Last year, I brought you 19 days of new (to you) productivity tools for 2019. This year, I'm taking a different approach: building an environment that will allow you to be more productive in the new year, using tools you may or may not already be using.
Doing (almost) all the things with Vim, part 1
I use two text editors regularly—Vim and Emacs. Why both? They have different use cases, and I'll talk about some of them in the next few articles in this series.
OK, so why do everything in Vim? Because if there is one application that is on every machine I have access to, it's Vim. And if you are like me, you probably already spend a lot of time in Vim. So why not use it for all the things?
Before that, though, you need to do some things. The first is to make sure you have Ruby support in Vim. You can check that with vim --version | grep ruby. If the result is not +ruby, that needs to be fixed. This can be tricky, and you should check your distribution's documentation for the right package to install. On MacOS, this is the official MacVim (not from Brew), and on most Linux distributions, this is either vim-nox or vim-gtk—NOT vim-gtk3.
I use Pathogen to autoload my plugins and bundles. If you use Vundle or another Vim package manager, you'll need to adjust the commands below to work with it.
Do your email in Vim
A good starting place for making Vim a bigger part of your productivity plan is using it to send and receive email with Notmuch using abook to access your contact list. You need to install some things for this. All the sample code below is on Ubuntu, so you'll need to adjust for that if you are using a different distribution. Do the setup with:
sudo apt install notmuch-vim ruby-mail curl -o ~/.vim/plugin/abook --create-dirs https://raw.githubusercontent.com/dcbaker/vim-abook/master/plugin/abook.vim
So far, so good. Now start Vim and execute :NotMuch. There may be some warnings due to the older version of the mail library notmuch-vim was written for, but in general, Vim will now be a full-featured Notmuch mail client.
If you want to perform a search for a specific tag, type \t, enter the name of the tag, and press Enter. This will pull up a list of all messages with that tag. The \s key combination brings up a Search: prompt that will do a full search of the Notmuch database. Navigate the message list with the arrow keys, press Enter to display the selected item, and enter \q to exit the current view.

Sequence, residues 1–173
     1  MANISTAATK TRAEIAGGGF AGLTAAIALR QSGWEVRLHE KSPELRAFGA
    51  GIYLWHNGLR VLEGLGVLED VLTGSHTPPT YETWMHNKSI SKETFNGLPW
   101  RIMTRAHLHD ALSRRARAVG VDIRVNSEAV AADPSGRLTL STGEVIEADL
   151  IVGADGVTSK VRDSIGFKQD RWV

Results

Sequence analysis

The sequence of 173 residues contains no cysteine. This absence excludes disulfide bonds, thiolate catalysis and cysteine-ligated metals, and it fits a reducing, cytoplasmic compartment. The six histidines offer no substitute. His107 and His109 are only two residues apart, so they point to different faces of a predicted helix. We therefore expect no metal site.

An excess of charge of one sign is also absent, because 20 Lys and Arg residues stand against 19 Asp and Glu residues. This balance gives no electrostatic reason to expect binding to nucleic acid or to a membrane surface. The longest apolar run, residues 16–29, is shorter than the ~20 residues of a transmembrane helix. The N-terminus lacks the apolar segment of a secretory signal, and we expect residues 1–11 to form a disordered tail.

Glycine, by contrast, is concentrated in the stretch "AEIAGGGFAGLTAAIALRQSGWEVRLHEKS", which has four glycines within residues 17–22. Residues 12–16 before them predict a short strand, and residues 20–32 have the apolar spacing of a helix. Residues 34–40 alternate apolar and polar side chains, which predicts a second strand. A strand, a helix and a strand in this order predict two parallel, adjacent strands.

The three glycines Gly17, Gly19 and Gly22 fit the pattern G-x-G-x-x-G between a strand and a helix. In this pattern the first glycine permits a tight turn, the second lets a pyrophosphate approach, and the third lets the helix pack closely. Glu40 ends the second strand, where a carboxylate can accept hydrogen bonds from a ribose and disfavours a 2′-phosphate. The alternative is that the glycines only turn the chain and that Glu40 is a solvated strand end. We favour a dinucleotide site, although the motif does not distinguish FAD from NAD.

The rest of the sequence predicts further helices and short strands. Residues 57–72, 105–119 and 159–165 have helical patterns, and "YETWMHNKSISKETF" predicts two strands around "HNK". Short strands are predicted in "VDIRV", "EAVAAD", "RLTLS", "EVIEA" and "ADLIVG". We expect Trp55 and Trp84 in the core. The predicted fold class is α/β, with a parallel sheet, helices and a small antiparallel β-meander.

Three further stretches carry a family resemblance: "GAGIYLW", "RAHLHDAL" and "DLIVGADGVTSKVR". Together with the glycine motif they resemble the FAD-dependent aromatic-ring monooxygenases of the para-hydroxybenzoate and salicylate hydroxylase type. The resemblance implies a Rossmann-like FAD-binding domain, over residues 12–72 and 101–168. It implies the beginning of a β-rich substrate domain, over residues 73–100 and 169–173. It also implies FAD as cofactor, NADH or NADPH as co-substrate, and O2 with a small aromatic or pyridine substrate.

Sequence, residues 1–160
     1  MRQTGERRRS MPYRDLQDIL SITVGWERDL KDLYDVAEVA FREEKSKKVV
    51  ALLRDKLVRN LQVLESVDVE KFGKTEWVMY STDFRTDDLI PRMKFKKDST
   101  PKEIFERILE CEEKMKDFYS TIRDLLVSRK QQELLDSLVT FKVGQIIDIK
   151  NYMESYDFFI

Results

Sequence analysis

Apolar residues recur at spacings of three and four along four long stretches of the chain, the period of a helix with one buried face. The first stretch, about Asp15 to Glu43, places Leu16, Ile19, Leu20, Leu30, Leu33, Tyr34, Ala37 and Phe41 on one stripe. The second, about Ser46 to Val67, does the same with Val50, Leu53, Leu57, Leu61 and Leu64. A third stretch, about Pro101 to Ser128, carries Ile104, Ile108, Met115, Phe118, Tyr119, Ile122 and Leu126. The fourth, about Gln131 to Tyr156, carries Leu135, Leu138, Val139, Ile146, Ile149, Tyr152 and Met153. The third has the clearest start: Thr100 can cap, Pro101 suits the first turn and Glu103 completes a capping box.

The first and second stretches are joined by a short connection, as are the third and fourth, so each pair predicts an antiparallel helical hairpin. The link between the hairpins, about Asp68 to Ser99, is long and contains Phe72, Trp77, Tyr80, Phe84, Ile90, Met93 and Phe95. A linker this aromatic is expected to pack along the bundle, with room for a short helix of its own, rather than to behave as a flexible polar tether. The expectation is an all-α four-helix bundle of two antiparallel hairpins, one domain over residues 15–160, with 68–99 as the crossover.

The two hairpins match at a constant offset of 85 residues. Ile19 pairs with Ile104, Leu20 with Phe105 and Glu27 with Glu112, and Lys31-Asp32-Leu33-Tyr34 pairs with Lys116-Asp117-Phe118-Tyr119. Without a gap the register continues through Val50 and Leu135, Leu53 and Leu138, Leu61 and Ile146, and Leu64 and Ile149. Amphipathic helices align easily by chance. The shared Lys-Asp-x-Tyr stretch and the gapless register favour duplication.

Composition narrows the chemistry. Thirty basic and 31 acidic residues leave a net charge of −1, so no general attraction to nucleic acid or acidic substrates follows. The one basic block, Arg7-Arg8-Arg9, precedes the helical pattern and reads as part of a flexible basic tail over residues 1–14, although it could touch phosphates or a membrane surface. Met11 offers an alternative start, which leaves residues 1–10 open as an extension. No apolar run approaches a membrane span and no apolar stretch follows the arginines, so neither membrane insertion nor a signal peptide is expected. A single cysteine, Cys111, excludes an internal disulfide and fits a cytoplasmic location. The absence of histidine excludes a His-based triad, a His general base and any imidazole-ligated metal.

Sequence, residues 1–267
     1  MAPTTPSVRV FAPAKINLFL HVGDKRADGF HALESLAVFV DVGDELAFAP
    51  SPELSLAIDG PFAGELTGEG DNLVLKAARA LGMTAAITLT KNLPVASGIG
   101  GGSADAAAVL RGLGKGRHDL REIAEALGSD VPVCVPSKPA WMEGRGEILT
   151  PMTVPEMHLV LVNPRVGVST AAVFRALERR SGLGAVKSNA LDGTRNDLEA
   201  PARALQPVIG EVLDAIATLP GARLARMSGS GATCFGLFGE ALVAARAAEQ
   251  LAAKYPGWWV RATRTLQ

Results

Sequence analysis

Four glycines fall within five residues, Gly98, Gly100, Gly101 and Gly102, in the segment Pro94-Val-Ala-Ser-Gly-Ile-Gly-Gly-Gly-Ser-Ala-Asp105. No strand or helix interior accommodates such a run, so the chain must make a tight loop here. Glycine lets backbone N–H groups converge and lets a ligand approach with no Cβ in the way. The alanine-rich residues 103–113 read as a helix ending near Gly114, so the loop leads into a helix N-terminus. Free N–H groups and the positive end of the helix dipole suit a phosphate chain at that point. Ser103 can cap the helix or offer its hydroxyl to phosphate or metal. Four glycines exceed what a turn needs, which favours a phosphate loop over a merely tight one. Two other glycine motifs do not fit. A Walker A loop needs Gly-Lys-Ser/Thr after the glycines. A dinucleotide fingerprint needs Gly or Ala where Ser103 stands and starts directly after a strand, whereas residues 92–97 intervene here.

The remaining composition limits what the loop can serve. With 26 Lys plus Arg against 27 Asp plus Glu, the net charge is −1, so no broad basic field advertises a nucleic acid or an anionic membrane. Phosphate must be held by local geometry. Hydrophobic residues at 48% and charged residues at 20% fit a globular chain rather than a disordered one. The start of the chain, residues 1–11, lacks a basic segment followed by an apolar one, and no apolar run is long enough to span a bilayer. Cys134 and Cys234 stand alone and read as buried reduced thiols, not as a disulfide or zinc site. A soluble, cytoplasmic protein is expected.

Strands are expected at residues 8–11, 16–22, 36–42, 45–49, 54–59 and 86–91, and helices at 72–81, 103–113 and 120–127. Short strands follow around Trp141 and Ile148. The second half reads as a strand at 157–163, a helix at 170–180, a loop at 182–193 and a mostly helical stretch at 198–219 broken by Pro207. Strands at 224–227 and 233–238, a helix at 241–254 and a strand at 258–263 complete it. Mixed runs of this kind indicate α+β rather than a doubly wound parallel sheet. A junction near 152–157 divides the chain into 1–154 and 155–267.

To compose mail, use the \c keystroke. You will see a blank message. This is where the abook.vim plugin comes in. Hit Esc and enter :AbookQuery <SomeName>, where <SomeName> is a part of the name or email address you want to look for. You will get a list of entries in the abook database that match your search. Select the address you want by typing its number to add it to the email's address line. Finish typing and editing the email, press Esc to exit edit mode, and enter ,s to send.
If you want to change the default folder view when :NotMuch starts up, you can add the variable g:notmuch_folders to your .vimrc file:
let g:notmuch_folders = [ \ [ 'new', 'tag:inbox and tag:unread' ], \ [ 'inbox', 'tag:inbox' ], \ [ 'unread', 'tag:unread' ], \ [ 'News', 'tag:@sanenews' ], \ [ 'Later', 'tag:@sanelater' ], \ [ 'Patreon', 'tag:@patreon' ], \ [ 'LivestockConservancy', 'tag:livestock-conservancy' ], \ ]
There are many more settings covered in the Notmuch plugin's documentation, including setting up keys for tags and using alternate mail programs.
Consult your calendar in Vim
Sadly, there do not appear to be any calendar programs for Vim that use the vCalendar or iCalendar formats. There is Calendar.vim, which is very well done. Set up Vim to access your calendar with:
cd ~/.vim/bundle git clone email@example.com:itchyny/calendar.vim.git
Now, you can see your calendar in Vim by entering :Calendar. You can switch between year, month, week, day, and clock views with the < and > keys. If you want to start with a particular view, use the -view= flag to tell it which one you wish to see. You can also add a date to any of the views. For example, if I want to see what is going on the week of July 4, 2020, I would enter :Calendar -view week 7 4 2020. The help is pretty good and can be accessed with the ? key.
Calendar.vim also supports Google Calendar (which I need), but in December 2019 Google disabled the access for it. The author has posted a workaround in the issue on
So there you have it, your mail, addresses, and calendars in Vim. But you aren't done yet; you'll do even more with Vim tomorrow!